Accès Asie Style

By Andrew Guilbert
  • William Yong / Photo by Omer Yukseker
  • Meena Murugesan / Photo by Amar T. Khoday
  • Tomomi Morimoto / Photo courtesy of Morimoto
  • Helen Simoneau and Kristin Taylo / Photo by Steve Davis
  • Teita Iwabuchi and Kaori Seki / Photo by Kazuyuki Matsumoto
  • Su Hyun Kim and Jong Won Heo / Photo by Park Kim Hyungjun

Montréal  May 2-19, 2013

The Accès Asie Festival, which promotes Asian arts and culture of every vein from dance to documentaries to degustations, wrapped up in Montréal recently with public, open-air performances at the Quartier des spectacles. This eighteenth edition of the event spoke to artistic and, newly appointed, general director Khosro Berahmandi’s varied tastes, which included more dance performances throughout the festival’s two-week run than previous years. Marina Salonga’s cabaret-style dance and sabre balancing provided thematic and engaging bookends to the festival at both opening and closing ceremonies. An outdoor lesson on the basics of belly dancing was offered for more adventurous audience members.

The kickoff performance at MAI (Montréal, arts interculturels) was Éclats, a trio of solo dance pieces by artists of Asian heritage. The production covered a lot of territory in every sense of the word, with Chinese, Indian and Japanese dance represented in the course of the triple bill. Truly outstanding was Tomomi Morimoto’s piece Inhabitation, which married traditional Japanese ghost stories with powerful movements and a white, full-body wig that accentuated every movement until it was shed, leaving the dancer fragile and panting and the audience possessed.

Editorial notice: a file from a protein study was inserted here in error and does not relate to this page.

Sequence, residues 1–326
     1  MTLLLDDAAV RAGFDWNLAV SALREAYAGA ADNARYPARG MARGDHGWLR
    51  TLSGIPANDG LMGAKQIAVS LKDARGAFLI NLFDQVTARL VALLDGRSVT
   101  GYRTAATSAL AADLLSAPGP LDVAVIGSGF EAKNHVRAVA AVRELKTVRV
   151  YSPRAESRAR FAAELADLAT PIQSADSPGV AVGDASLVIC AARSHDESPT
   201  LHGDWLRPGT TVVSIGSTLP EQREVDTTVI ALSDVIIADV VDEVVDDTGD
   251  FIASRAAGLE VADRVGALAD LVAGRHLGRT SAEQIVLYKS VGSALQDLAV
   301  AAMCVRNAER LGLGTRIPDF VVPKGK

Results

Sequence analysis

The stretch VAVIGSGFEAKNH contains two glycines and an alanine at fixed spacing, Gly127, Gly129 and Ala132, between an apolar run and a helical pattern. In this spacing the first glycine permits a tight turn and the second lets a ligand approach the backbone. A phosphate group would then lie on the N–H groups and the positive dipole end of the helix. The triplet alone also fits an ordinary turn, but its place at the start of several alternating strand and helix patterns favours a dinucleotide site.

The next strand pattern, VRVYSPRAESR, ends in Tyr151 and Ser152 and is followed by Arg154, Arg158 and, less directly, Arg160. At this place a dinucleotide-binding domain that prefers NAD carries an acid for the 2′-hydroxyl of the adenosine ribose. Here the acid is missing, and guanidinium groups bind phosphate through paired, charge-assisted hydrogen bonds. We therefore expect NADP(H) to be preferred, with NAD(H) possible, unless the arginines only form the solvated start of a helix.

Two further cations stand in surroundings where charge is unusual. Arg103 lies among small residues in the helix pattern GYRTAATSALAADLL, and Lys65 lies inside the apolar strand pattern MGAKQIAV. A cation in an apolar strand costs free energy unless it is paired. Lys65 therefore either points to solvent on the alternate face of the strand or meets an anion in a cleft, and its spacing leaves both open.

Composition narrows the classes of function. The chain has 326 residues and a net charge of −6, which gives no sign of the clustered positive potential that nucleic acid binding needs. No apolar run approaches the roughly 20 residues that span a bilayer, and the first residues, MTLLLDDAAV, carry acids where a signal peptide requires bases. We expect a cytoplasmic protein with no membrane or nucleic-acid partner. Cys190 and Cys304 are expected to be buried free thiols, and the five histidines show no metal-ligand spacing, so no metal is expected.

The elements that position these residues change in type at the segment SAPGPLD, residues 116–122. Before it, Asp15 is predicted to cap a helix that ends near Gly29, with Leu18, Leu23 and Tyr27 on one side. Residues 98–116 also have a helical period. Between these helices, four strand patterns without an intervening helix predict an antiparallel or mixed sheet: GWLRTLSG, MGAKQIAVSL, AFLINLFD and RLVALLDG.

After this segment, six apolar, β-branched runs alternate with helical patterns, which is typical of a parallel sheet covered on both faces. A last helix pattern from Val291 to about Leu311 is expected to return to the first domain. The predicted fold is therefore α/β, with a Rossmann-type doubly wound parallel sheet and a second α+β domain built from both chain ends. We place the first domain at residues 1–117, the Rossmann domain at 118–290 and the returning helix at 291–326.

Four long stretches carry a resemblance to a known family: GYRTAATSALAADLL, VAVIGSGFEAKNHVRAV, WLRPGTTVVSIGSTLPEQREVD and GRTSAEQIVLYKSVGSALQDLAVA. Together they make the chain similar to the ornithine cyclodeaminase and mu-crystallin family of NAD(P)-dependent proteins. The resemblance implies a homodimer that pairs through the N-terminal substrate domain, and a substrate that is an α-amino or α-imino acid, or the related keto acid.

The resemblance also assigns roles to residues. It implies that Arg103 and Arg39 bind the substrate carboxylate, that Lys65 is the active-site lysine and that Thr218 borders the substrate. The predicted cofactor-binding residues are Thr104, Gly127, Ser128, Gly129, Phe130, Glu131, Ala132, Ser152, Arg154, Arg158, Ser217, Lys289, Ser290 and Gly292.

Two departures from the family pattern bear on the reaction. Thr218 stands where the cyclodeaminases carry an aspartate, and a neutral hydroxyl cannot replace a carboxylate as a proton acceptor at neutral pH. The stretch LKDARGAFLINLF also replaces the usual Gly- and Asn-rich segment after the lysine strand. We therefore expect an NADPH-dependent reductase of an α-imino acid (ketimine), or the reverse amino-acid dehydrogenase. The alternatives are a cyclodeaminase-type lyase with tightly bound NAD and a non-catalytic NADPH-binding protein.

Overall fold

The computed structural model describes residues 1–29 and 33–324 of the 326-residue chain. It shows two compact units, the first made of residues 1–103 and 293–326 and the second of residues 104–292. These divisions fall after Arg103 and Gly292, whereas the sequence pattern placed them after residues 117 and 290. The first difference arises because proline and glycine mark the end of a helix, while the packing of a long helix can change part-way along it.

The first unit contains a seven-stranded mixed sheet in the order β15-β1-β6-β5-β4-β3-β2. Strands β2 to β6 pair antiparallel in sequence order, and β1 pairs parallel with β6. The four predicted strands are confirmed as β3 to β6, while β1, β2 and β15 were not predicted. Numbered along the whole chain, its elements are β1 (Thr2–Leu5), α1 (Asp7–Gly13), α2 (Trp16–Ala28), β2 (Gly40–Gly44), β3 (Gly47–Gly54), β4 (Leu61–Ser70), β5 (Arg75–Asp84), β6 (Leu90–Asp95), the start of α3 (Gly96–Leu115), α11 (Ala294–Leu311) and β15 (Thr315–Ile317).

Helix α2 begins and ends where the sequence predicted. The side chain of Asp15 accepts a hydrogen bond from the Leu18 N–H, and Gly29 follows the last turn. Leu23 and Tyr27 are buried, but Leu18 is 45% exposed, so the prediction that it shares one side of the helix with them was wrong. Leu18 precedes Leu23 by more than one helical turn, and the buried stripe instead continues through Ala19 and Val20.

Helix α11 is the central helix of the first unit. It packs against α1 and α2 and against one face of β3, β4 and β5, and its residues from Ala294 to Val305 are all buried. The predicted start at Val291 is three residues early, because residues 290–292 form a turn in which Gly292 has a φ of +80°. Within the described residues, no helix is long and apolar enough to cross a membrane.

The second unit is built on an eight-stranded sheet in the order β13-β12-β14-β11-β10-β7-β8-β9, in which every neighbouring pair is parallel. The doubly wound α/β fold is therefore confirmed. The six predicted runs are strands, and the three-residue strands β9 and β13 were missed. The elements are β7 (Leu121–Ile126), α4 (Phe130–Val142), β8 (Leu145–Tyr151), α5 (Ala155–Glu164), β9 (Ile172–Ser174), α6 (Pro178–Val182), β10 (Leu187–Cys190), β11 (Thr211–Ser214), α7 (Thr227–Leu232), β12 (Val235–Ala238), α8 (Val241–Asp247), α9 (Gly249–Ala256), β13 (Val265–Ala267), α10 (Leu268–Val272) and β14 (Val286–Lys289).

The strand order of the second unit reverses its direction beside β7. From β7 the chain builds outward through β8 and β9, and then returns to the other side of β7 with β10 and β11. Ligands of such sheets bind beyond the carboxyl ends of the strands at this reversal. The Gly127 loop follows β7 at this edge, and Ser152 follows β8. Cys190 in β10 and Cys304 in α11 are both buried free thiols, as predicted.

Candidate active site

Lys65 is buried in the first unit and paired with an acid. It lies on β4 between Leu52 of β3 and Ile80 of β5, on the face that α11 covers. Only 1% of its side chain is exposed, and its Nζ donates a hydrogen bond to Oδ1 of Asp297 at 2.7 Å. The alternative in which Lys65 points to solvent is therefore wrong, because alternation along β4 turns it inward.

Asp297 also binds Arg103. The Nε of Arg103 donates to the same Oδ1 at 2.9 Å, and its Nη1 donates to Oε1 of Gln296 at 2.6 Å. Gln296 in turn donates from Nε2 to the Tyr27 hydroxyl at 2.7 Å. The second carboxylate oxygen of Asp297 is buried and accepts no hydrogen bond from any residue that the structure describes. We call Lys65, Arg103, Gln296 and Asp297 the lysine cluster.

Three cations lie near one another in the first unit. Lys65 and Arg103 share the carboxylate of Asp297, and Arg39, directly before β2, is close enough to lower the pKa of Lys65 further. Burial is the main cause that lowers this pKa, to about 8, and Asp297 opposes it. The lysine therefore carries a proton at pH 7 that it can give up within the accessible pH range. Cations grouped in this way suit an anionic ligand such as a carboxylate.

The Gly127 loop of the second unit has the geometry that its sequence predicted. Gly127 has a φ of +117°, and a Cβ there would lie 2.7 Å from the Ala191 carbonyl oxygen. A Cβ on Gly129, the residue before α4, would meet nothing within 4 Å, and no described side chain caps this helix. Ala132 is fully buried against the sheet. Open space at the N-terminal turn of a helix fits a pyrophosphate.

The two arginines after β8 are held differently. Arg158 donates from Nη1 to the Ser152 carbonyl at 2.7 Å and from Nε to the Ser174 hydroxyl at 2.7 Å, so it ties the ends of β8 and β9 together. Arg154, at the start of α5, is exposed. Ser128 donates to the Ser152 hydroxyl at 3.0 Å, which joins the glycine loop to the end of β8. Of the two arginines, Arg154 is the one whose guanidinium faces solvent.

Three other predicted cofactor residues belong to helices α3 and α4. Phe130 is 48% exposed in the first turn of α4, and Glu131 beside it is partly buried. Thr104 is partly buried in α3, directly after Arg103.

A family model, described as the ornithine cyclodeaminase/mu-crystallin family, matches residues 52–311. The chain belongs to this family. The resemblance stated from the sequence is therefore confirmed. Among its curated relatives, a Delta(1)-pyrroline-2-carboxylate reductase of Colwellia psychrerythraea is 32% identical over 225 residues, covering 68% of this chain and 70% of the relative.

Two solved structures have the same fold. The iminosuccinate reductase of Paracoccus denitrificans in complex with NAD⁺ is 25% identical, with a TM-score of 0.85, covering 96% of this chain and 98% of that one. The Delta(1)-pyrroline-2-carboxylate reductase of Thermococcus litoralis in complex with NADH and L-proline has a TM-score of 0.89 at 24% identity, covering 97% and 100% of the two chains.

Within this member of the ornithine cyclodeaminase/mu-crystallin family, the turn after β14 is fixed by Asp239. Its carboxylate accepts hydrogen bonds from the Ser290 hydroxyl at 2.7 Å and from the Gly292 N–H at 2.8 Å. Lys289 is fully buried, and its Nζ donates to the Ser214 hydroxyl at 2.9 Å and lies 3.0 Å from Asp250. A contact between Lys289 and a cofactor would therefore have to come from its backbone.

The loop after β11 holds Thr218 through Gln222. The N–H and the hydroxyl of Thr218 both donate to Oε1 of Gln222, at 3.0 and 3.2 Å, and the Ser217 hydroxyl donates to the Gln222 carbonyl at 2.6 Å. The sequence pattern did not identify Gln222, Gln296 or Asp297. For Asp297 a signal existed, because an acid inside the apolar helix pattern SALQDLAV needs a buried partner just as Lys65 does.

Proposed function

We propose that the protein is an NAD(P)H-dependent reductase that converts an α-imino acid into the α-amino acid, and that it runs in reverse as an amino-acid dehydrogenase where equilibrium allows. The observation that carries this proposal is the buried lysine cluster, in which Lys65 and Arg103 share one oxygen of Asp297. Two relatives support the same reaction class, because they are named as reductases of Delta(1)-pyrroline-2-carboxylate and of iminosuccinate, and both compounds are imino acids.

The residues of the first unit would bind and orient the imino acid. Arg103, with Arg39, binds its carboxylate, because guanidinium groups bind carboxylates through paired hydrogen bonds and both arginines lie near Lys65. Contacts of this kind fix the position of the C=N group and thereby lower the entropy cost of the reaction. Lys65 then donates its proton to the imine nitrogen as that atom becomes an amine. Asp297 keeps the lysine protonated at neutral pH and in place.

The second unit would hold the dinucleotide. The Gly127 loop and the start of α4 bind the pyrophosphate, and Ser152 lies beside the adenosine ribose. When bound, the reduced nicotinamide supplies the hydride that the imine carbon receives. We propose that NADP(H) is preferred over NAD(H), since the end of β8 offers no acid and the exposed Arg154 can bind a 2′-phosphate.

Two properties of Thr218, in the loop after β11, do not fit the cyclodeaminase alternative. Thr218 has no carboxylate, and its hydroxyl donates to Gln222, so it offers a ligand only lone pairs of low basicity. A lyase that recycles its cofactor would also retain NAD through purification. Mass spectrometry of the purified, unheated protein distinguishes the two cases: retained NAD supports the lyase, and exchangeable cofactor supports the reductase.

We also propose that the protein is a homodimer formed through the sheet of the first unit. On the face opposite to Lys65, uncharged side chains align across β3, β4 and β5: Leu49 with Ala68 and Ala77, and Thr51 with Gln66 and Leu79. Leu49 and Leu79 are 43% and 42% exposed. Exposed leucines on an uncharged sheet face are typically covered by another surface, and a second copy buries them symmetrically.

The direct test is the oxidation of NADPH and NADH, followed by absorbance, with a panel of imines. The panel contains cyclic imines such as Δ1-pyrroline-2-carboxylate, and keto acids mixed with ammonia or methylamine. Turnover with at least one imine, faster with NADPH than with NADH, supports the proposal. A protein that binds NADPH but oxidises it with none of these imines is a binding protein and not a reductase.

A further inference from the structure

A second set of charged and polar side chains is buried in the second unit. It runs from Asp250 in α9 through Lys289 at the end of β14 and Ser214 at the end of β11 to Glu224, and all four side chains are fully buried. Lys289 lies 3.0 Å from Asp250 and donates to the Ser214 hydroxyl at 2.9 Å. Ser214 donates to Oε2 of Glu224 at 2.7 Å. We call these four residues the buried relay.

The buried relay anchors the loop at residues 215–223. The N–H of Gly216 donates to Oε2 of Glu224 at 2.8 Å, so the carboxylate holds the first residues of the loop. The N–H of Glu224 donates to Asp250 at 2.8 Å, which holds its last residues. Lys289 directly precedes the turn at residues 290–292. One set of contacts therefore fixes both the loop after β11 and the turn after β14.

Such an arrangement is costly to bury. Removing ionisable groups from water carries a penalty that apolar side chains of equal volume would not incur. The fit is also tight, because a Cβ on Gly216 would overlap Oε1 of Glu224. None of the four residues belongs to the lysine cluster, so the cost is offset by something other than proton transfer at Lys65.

The festival also brought in Danse X, another triple bill performed at the Théâtre Hydro Québec as part of on an ongoing international tour. The production consisted of three pairs of dancers from Japan, Korea and Montréal performing pieces dealing with concepts of time, tension and relationships. Hetero by Japanese duo Teita Iwabuchi & Kaori Seki, with its silent and slow movements reminiscent of traditional Butoh, proved to be a crowd favourite, drawing considerable interest during the artist Q&A held afterwards.

A highlight among the non-dance offerings was the Gesù’s screening of Amin, a documentary by Iranian director Shahin Parhami. The film follows professional violinist Amin Aghaie as he attempts to preserve the distinct musical style of his native tribe, the Qashqai, which currently survives solely by virtue of a few aging practitioners living in Iran.

According to program notes, the theme for this year’s festival was The Gesture of Sharing or “a demonstrative act of courtesy, with limits pushed, questions asked and curiosities piqued.” The gesture referenced here – sharing the cultures of a continent with a population of more than three and a half billion people – is a daunting task, no doubt, but one that Accès Asie’s varied programming does well.


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